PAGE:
Comment: Many commenters supported the provisions in §156.1105 relating to the monitoring and appeals processes for ESS vendors. Several commenters requested clarification how, if HHS determines survey results ineligible to be included in ESS results because of a noncompliant vendor, the affected QHP's global quality rating would be calculated and displayed.

Commenters urged HHS to minimize such circumstances when results would not be published and to have adequate disclaimers explaining the reason for ESS results that are unavailable. A few commenters urged HHS to add a hold harmless provision to mitigate the harm on compliant QHPs who should not be penalized due to vendor behavior and to have alternative processes in such circumstances such as permit use of prior year’s scores.

Response: We clarify that, if HHS determines an ESS vendor to be non-compliant with

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HHS would designate those ESS measures that are included in the QRS as not being available for the current reporting year. Similar to the business relationships that issuers have with survey vendors to administer other CAHPS®-like surveys for other products (for example, Medicare Advantage), we expect issuers to work closely with their contracted vendors to mitigate harm on compliant QHPs. In such circumstances, we will work with affected QHP issuers and ESS vendors and consider approaches so that having unavailable ESS data is minimized (that is, opportunity to re-administer the survey using a compliant vendor). These standards and processes have been informed by our experience with the Medicare CAHPS® survey vendor program, under which it has been a rare occurrence for a vendor to be found non-complaint and its survey results deemed ineligible. We maintain and finalize the standards in 156.1105 as proposed.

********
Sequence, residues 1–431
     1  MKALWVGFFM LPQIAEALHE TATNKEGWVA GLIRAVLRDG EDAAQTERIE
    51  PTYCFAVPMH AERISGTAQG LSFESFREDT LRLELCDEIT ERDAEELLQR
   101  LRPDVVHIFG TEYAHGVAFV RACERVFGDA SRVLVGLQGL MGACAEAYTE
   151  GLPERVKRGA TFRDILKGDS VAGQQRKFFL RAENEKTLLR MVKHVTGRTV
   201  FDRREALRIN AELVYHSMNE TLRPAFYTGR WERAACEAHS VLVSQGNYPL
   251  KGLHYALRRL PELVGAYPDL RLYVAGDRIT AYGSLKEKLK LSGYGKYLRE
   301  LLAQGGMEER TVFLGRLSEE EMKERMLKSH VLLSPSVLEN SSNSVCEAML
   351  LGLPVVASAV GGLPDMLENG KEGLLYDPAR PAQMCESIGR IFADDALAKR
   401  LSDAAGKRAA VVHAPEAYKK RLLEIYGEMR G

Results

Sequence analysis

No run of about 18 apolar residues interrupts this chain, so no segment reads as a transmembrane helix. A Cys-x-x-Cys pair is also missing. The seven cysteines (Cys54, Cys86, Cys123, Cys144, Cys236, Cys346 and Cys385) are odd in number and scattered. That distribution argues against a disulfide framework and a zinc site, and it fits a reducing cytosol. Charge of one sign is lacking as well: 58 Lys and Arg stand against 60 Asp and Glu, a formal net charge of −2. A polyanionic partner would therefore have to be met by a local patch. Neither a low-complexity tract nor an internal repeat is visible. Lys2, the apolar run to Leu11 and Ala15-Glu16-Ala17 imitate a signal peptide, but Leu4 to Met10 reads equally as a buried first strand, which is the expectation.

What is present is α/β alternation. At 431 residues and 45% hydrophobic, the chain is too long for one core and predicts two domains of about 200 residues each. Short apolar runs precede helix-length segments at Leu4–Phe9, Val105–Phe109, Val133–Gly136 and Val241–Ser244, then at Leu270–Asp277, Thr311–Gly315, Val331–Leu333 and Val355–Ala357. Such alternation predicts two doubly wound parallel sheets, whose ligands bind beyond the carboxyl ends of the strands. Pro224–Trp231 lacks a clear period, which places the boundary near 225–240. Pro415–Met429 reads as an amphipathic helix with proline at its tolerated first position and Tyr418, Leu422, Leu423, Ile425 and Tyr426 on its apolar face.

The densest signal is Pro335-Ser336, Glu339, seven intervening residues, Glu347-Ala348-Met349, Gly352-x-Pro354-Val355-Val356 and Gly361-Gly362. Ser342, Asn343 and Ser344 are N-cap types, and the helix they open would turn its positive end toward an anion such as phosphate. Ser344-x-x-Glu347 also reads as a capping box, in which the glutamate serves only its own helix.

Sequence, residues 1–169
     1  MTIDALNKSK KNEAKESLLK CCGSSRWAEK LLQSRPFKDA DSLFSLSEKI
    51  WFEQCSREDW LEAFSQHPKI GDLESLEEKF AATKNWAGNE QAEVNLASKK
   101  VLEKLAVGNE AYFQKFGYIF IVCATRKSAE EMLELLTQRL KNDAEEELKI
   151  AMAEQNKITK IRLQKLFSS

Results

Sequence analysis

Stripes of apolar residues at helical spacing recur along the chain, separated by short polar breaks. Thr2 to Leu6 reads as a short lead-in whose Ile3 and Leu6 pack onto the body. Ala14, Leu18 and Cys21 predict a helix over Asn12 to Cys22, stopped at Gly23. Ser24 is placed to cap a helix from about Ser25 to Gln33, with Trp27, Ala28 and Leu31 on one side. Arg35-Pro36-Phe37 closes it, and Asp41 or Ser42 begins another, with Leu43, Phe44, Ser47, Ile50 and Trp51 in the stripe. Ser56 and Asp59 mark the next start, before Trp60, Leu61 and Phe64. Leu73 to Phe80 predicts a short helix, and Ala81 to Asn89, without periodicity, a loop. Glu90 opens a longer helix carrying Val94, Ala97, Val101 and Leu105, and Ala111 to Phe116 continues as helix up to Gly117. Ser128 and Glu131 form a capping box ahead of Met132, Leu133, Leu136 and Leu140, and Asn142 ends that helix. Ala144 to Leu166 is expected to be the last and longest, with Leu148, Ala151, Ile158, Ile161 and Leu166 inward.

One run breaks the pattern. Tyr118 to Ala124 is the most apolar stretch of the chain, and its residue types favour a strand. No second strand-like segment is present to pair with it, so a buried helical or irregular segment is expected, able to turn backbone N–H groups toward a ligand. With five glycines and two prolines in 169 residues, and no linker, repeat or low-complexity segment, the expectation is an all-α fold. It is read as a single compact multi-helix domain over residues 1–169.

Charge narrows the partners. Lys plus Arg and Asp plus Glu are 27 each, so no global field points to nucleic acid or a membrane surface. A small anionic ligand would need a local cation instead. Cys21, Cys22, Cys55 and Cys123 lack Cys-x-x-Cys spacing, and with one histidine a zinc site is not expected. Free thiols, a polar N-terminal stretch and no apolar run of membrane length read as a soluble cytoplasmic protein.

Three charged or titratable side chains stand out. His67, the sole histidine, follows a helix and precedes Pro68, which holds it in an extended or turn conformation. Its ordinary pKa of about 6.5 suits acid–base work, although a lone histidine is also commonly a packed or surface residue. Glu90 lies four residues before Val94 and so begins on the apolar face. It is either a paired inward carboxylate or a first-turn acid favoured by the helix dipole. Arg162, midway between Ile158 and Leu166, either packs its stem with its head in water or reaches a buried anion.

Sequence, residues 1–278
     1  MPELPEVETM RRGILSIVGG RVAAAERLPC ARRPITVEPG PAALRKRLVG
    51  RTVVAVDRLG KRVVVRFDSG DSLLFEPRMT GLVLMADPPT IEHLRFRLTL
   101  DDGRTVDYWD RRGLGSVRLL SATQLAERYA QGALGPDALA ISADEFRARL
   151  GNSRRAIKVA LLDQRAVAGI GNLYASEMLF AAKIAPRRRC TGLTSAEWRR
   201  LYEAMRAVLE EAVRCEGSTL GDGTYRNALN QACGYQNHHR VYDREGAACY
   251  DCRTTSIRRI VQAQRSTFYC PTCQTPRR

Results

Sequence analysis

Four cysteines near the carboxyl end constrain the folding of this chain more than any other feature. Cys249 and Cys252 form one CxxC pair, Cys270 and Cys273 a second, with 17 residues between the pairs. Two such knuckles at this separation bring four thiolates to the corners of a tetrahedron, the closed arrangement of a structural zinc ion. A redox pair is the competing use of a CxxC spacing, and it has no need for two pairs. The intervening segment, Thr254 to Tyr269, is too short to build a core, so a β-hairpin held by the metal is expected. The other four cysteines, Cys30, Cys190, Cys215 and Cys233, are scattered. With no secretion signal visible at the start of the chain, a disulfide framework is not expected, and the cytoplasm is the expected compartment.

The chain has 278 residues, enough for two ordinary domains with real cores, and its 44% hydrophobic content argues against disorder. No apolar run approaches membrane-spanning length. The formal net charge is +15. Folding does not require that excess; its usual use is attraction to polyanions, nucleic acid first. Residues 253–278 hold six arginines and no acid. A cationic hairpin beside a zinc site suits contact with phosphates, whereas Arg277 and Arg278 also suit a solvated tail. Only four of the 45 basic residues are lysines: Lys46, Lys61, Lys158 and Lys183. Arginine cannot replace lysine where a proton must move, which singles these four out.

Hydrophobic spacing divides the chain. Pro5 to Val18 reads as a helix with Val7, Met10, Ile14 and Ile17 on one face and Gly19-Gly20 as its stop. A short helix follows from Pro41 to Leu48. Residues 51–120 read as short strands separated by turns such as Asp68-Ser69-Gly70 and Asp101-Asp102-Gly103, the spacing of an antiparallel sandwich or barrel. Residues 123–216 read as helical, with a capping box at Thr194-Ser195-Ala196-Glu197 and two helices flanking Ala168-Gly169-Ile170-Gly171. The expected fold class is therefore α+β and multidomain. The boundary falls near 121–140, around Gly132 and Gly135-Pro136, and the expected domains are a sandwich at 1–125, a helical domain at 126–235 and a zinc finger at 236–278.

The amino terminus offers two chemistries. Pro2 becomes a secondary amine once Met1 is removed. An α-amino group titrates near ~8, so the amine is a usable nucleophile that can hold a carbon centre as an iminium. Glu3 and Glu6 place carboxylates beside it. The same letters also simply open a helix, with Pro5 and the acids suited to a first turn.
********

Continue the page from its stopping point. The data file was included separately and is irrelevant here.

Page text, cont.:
Summary of Regulatory Changes We are finalizing the provisions proposed in §156.1105 of the proposed rule without modification.

b. Quality Rating System (§156.1120) In §156.1120, we proposed standards for QHP issuers offering coverage on Exchanges to collect and report the necessary information to implement the QRS pursuant to section 1311(c)(3) of the Affordable Care Act. In paragraph (a), we proposed data submission requirements for a QHP issuer for the information necessary to calculate the quality ratings for coverage offered on Exchanges under the QRS, and in §156.1120(b), we proposed to direct a QHP issuer to annually submit data necessary to calculate the QHP’s quality ratings to HHS and the Exchange, on a timeline and in a standardized form and manner specified by HHS. In